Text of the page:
We have a choice. We can observe life around us calmly without allowing ourselves to get pulled off center by it all. This can allow us to stay clearer, be able to make wiser decisions, act more efficiently, and sleep better at night. Sounds good, right? It is possible. It’s helpful to pray and put the problem or emergency in God’s hands. We can focus on our steady smooth breathing and remember to be a calm observer of the situation. This doesn’t make us less helpful and loving. It actually can enable us to live our own life more effectively and have increased strength and emotional reserves to be there in a more valuable way for our loved ones. I know a woman who once was anxiously rushing around trying to help an injured family member and then she fell and broke her own wrist. At that point she wasn’t able to help at all. Too often a helper may just keep pushing him or herself to the point of serious chronic exhaustion and depletion. It’s crucial to not wait until “someday challenges are over” before taking good care of our self. We need that nurturing self-support all along the way. Periodic challenges are perhaps just a natural part of the life cycle.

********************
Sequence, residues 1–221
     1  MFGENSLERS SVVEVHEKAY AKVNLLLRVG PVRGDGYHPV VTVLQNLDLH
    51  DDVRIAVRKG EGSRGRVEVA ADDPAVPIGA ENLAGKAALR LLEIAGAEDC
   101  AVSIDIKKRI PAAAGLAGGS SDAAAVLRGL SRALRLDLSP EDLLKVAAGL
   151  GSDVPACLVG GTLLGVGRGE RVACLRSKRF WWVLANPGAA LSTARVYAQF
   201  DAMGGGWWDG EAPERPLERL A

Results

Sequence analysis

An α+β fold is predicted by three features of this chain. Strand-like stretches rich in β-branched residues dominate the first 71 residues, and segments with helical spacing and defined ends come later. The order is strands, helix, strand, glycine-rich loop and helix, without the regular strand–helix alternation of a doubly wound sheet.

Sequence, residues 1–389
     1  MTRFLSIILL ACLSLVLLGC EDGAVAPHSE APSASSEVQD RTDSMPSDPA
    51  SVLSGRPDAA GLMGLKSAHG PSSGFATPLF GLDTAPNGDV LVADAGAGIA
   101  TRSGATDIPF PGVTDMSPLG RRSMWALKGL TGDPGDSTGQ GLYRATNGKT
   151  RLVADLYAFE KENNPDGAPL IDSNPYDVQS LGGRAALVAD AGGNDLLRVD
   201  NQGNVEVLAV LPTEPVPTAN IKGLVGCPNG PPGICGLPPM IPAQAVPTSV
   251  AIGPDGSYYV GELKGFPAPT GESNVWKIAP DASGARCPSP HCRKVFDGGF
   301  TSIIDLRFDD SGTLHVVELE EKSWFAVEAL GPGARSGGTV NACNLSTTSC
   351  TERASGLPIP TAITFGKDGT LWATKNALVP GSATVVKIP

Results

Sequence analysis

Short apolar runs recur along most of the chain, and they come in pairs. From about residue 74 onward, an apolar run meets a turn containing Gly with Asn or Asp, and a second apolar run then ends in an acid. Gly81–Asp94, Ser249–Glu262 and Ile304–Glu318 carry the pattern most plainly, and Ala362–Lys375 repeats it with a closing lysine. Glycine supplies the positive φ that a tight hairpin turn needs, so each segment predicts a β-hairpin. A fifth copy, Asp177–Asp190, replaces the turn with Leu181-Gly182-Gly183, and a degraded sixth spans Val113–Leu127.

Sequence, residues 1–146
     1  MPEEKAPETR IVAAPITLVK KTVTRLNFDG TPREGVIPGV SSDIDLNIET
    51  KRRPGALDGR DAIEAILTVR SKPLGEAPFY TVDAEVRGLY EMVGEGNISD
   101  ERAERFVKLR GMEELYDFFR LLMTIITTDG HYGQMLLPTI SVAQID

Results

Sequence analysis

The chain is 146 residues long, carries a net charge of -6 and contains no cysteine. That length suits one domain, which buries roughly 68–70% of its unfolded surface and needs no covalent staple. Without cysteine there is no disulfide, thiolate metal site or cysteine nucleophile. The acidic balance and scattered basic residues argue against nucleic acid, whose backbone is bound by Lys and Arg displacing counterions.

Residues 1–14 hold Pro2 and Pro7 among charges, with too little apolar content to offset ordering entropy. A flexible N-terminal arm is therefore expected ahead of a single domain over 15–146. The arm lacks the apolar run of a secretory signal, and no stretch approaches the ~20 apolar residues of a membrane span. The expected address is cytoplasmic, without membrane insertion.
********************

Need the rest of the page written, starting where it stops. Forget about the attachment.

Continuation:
How can we maintain peace in the midst of sometimes high odds against it? This is a very important question. Remember that peace is our true nature; it isn’t something remote and foreign to our being. Peace is “normal,” chronic stress is abnormal. Peace is the state in which the human body is designed to function well. How can we move out of stress and re-balance into greater peace? As previously mentioned, to relax more fully we can focus our awareness in our breath and allow our breathing to slow down and become steadier for a while. Stretching our body can feel wonderful. We can rotate our shoulders and other joints gently to help release possible tension there. Periodically throughout the day taking a mini break to do what I just described can be extremely valuable. Taking a relaxed walk each day can also do wonders to enhance our tranquility. Even a short walk a few times during a busy day can be helpful. The steady rhythm of the steps is calming for the body, and helps release muscles possibly frozen tight in knots here and there. I once worked two and a half miles from work. Parking was limited at the work site and the subway was very crowded (like sardines) at rush hour going home. So I rode the subway in and walked home. I felt relaxed and peaceful by the time I got home. Another option is to drive or ride public transportation part way and walk part way.